“I can do this. The question is whether you will bear the price.”

“I will bear the price, I have this gold and more.”

“I do not require gold or things that tarnish. Give me that child that shall be born, and it will live.”

Ramilro gasped. “What sort of a bargain is that? Why would I do such a thing?”

Bulara Cithil smiled. “I can break your curse and you will then have a thirteenth child. You have waited this long, why cannot you wait just a trifle longer?”

Ramilro looked hard at the hoary beard and wizened face. He now noticed that the beard reached just above the floor. In fact, the hairs almost seemed to melt into the tattered ends of the sorcerer’s robe as if it rose again to be his attire. The bubbling of the three cauldrons hissed and snapped. Ramilro became aware that his thoughts had abandoned him. It was difficult to focus among the strangeness of this place.

“What if I don’t have a thirteenth?” he asked suddenly. “Will you grant me that I can have a thirteenth?”

Bulara Cithil smiled. He began to shape his spell at once. He muttered his incantations and prepared small goblets with powders and fragments of bone or fin or leg of tiny creatures. A large knife, carved from yellowed bone, was brought from within his robes. He pricked each of Ramilro’s fingers and thumbs on the tip. Procuring a lit candle, the sorcerer told Ramilro to let a drop from each of his digits fall onto the flame. To his amazement, the red liquid did not extinguish the flame.

Looking at Ramilro’s wondering eyes, Bulara Cithil said, “Do not be deceived. This flame can go out as any other once you depart. Hold it close, for so long as this flame burns, your child shall live.”

Ramilro held his breath. He did not want the little fire to waver even slightly. It was tiny and glowing, just as his son or daughter would be. “This flame, not this candle has to survive?” he asked.

Bulara Cithil assured him he was correct. Ramilro thought about lighting hundreds of candles with this one. The flames would grow as his child would.

The evening sent its somber purples across the world. From the window towards the woods Dagol saw Ramilro striding carefully. A little spark glowed before him like a star moving ponderously across the field. Dagol grasped a few candles and rushed out with glee. Together they lit all the candles and went down to the cellar. Dozens of candles were poured downstairs from all the nooks and crannies.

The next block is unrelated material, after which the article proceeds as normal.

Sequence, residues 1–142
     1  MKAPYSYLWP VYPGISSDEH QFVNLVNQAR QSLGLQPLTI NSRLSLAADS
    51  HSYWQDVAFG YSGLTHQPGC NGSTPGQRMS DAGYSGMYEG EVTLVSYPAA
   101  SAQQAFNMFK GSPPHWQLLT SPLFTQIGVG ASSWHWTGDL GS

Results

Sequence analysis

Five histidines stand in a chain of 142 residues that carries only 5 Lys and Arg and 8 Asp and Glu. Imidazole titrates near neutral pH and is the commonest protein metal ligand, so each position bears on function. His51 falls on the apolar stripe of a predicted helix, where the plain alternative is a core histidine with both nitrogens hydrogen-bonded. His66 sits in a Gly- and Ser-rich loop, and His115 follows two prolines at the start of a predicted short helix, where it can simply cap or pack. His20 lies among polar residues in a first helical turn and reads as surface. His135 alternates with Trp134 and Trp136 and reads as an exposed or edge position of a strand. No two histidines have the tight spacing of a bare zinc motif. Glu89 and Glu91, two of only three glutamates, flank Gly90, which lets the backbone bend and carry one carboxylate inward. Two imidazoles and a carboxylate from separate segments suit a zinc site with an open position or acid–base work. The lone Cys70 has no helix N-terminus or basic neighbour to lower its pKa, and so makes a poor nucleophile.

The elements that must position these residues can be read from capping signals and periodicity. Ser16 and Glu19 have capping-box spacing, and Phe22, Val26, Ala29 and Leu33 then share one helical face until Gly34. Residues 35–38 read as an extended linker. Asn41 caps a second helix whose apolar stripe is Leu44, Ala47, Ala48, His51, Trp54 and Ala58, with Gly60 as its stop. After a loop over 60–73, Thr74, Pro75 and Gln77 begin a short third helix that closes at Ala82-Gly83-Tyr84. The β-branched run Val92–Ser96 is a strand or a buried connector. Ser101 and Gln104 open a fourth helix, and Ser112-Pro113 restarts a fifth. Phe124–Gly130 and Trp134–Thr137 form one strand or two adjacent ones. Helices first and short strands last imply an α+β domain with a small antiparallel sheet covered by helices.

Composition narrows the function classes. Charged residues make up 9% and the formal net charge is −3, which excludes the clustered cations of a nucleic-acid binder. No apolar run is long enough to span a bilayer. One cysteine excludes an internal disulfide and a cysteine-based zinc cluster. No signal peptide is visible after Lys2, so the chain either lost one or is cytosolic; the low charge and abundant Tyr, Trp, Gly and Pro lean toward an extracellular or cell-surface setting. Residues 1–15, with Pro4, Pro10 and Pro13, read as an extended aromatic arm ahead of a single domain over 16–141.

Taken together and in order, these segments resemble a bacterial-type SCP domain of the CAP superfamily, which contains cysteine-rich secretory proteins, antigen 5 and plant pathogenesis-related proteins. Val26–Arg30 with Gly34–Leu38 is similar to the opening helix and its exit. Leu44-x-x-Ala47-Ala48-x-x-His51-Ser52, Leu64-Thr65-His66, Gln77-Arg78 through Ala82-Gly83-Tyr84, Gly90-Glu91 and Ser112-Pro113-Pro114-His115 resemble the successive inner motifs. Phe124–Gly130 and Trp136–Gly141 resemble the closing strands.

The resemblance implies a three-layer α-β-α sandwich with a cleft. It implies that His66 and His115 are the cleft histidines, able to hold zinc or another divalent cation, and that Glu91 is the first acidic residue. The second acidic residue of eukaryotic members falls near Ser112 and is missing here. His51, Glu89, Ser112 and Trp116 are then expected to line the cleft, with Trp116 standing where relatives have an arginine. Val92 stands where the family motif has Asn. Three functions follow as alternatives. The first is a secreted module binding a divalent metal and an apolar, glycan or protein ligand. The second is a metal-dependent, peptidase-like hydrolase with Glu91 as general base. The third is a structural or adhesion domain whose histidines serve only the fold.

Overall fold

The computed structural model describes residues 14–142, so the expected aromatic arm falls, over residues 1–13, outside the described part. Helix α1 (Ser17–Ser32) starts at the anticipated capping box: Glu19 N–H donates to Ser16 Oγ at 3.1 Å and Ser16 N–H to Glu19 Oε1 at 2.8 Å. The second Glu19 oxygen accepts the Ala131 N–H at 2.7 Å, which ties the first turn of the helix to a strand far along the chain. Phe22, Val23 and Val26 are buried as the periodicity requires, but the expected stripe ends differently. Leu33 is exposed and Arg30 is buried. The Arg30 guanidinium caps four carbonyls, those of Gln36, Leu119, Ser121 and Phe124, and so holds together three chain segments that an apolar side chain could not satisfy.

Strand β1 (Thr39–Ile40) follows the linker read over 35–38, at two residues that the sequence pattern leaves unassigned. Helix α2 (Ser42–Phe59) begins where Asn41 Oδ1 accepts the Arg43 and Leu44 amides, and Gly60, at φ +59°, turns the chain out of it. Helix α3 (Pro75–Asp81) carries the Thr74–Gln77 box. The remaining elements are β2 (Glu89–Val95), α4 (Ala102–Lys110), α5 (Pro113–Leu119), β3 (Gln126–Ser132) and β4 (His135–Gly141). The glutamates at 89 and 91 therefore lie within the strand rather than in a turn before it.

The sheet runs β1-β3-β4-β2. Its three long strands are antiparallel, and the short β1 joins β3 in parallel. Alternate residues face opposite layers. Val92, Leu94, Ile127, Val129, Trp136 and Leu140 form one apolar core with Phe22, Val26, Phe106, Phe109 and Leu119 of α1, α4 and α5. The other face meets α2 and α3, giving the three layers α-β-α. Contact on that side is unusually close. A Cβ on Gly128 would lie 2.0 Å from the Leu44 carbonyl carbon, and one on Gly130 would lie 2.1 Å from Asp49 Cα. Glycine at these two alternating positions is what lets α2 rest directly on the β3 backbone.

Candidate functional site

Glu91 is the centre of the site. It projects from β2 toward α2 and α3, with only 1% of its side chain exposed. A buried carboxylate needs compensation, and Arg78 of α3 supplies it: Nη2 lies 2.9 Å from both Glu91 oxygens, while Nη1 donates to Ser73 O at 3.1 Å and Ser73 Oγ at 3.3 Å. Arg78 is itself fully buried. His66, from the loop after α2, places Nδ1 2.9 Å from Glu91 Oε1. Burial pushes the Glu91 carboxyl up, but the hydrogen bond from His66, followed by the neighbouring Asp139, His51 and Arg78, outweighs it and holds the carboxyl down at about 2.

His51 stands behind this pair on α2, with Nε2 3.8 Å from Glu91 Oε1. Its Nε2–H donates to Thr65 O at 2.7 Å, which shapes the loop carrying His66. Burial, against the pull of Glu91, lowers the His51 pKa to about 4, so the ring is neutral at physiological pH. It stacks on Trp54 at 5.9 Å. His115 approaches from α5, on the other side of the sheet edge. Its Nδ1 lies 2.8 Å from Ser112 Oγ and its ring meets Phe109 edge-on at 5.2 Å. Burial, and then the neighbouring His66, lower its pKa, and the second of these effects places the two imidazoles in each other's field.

From down the hall, the screams of the laboring Cloethel could be heard. Ramilro knew that Thrala and Cloethel would not easily forgive him for being absent on the eve of the birthday. So he finally went into the chamber and held his wife’s hand throughout the night. He had taken a single candle, the tallest one, from the cellar and placed it in a corner of the room so that he could see the flame the whole time.

At dawn the boy emerged. The child was named Dagol. Ramilro, too distant from his family, regarded his father in law as his own. And the two men kept the secret of the candles between them. They kept the cellar full and the door locked. Neither one gave thought to the fee owed Bulara Cithil. Too much emotion pervaded the household.

Years passed. Having been the fruit of so many years of waiting, Dagol’s parents and grandparents indulged his every desire. Nothing was too great an appetite to satisfy him. He was given every fun he could imagine.

Despite this overgenerous parentage, Dagol became a curious, resourceful lad, like his grandfather. He loved to wander about the large house and discover the dusty, hidden places. One day, finding the door to the cellar, he fiddled with it until his deft fingers and improvised tools unlocked it. Amazed at the bounty of candles he found, Dagol set about lining them up and tossing pebbles at them until they fell one by one. When three remained, he finally became bored and so removed them all to the upstairs. These three were the tallest and most colorful, which was why he had not tossed pebbles at them.

Upon a table were pieces of cloth and shreds of leather. The seamstress had been weaving a coat, tunic and pantaloons, a whole new set of attire for Dagol’s birthday on the morrow. The windows were open, one unfastened shutter clacked against the outside wall. Yellow and green curtains fluttered. The young Dagol, for amusement, set the drapes alight. He clapped his hands at the furious conflagration. He danced before it and tried to wiggle and squirm in the manner of the flames. And then the ceiling and the floors burst into orange. A tattered, flaming section of a curtain flew off and onto the table. The fire slowly crawled down the legs of the table. The boy danced in the room until it became too hot. But already the flames of the table had creeped to the door.

Eventually the flames were discovered and extinguished. Most of the house was stone and withstood the conflagration of the chamber. Dagol, the boy, was burned and dead.